yeah I will try and keep a eye out for it..  thanks for the info

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I had to go back to the drawing board the glue thing only lasted a few days and the ping came back.  So Took another look to see what was actually going on.  (trying to figure out where it was actually coming from was a tedious process).  I am pretty certain now why adding the velcro helped remedy it and then eventually the ping came back so when I added the glue it temporarily fixed it also. The strings eventually wore through it back to original spot.  I looked at how the string laid across the bridge saddle (IE pickup).  The string actually goes between multiple grooves at a given time..  There is the groove in the wrap around bridge- then a groove in the casing that holds the piezo on both sides and of course the Piezo element itself..  I felt the grooves in the actual casing were not wide enough (especially the side towards the pickups where the string vibrates the most).  So I used a small file and widened it.. So far no more ping.  Had a entire hour long practice with out any buzzing or pings..  I think the strings were hitting the Edges of that opening in the casing causing a harmonic ping..  Hopefully this is it the final cure for this annoying defect..  It has been a long struggle to get this fixed..

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I wonder if anyone else noticed that Line6 Staff stopped posting on this thread a while ago. I think it's a pretty weak argument to keep trying to pass this issue off a a user problem. I'm personally astounded to hear that guitars have been returned with the exact same issue still persisting. This is BUUULL!!!

 

How many people have to have the same issue before they acknowledge it as a real thing and stop blaming it on burs in the nut etc or picking technique. If this guitar was working properly it would not be so susceptible to such minor anomalies.

 

I have a JTV69 HSS and mine has the exact same issue on the lowest string. It has done this since I first got it. I noticed it most prominently on the Lester model. I thought it was weird but seeing as i've never owned a Les Paul I thought maybe the was the way they are but it is occurring on all models. I basically avoided using the modelling and I have been playing the guitar for a while now using mags only.

 

Here's a recording I did just the other day: https://soundcloud.com/antconnelly/variax-wtf-overtones-on-lowest-string

 

Now I am playing in a band using 3 different tunings and I am forced to use the Piezo modelling. After trying to get used to this horrible sound only on the 6th string I've realised that there is definitely a fault.

 

I never used to use the forum so I never knew so many other people had the same problem. I've just read every single post in this thread trying to find answers to my issue. So now I will try to Macgyver it with some felt but Line6 should acknowledge that there is a significant and persistent fault/design flaw (oversight) here.

 

I'll try to mute the string behind the saddle or put some felt over the Piezo itself. I'll let you know how I go.

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I posted info here. I conitnue to follow a number of post. I get notices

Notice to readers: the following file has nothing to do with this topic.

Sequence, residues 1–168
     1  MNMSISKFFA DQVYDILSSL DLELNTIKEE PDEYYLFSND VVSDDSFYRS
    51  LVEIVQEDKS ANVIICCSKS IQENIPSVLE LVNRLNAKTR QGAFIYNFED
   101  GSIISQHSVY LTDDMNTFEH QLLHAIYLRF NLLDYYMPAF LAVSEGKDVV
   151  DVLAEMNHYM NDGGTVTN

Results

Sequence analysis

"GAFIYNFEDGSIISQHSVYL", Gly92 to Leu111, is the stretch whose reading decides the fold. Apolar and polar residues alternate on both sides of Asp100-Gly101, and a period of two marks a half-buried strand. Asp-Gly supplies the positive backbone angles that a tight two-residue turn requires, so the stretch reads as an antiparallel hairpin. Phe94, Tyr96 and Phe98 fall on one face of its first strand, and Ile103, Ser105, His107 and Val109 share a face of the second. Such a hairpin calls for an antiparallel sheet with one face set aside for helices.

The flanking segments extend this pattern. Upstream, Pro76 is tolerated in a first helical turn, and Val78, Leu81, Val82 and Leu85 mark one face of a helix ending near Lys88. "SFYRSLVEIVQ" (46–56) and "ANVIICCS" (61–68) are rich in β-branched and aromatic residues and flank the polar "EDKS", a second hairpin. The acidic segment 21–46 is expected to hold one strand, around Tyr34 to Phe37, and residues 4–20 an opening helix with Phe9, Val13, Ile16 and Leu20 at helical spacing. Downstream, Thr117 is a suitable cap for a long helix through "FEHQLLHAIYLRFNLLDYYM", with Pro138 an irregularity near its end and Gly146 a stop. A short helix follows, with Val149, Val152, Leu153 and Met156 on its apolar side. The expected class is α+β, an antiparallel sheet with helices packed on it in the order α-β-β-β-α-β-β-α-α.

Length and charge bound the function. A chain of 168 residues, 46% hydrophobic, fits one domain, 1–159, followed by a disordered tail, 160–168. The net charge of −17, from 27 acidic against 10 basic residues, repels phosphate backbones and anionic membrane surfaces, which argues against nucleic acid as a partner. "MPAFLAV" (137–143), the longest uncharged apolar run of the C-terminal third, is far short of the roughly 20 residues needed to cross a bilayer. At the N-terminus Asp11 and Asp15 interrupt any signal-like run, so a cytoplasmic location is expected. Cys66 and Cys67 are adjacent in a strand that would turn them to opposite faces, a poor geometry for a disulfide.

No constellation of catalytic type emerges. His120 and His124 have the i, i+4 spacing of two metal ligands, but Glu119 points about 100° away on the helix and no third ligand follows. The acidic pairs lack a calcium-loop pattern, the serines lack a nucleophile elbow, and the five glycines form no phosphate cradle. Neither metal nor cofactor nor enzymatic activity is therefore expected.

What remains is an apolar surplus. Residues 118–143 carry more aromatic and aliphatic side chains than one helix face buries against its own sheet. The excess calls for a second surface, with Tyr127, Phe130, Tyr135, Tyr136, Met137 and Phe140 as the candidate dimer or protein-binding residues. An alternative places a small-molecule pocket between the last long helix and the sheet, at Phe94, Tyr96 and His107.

when a comment is added. If it has been a while, then it may because 

it has been a while since the last post, til now. 

 

I post info and give my advice as a technician regarding product. I have 

no control over what is done with my advice. It's either taken and used, 

or it isn't. 

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So now,... as to the problem you are have with the guitar.

possibilities,... 

 

-Burr in the nut slot 

-Loose hardware vibrating somewhere 

-Set Up issue, string action height

-Pick ups set too close to the string 

-Failing piezo element

 

Have it checked by your local Line 6 service center. 

 

Lester being the higher gain Model in the bunch, it would 

break up sooner going thru a higher gain setting. If there

is a mechanical reason such as set-up, the processing 

would bring this out more. 

 

Geamala, seems like it needs to have an adjustment

dialed in. I'll know better on Monday when I can use my 

work computer. The one I'm on doesn't do SoundCloud files. 

 

 

 

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Oh and BTW,... 

We staff monitor and help where needed, but this is

mainly a user forum. Sorry if you think we've somehow

been neglectful. 

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So now,... as to the problem you are have with the guitar.

possibilities,... 

 

-Burr in the nut slot 

-Loose hardware vibrating somewhere 

-Set Up issue, string action height

-Pick ups set too close to the string 

-Failing piezo element

 

Have it checked by your local Line 6 service center. 

 

Lester being the higher gain Model in the bunch, it would 

break up sooner going thru a higher gain setting. If there

is a mechanical reason such as set-up, the processing 

would bring this out more. 

 

Geamala, seems like it needs to have an adjustment

dialed in. I'll know better on Monday when I can use my 

work computer. The one I'm on doesn't do SoundCloud files. 

More of the same. I just had it serviced by authorised technicians.

 

They replaced the nut. I just double checked it. No burs, nothing. That is not the issue

The set up is fine! Again work done by authorised servicers.

Magnetic pickup height is normal and not an issue.

There seems to be no loose hardware.